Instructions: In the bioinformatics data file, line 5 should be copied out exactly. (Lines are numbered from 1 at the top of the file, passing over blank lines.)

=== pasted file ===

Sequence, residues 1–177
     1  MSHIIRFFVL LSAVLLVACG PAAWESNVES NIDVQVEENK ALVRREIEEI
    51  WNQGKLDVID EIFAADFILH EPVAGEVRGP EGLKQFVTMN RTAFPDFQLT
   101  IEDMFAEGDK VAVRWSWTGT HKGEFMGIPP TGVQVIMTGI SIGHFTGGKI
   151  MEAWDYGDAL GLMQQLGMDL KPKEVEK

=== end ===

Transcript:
   151  MEAWDYGDAL GLMQQLGMDL KPKEVEK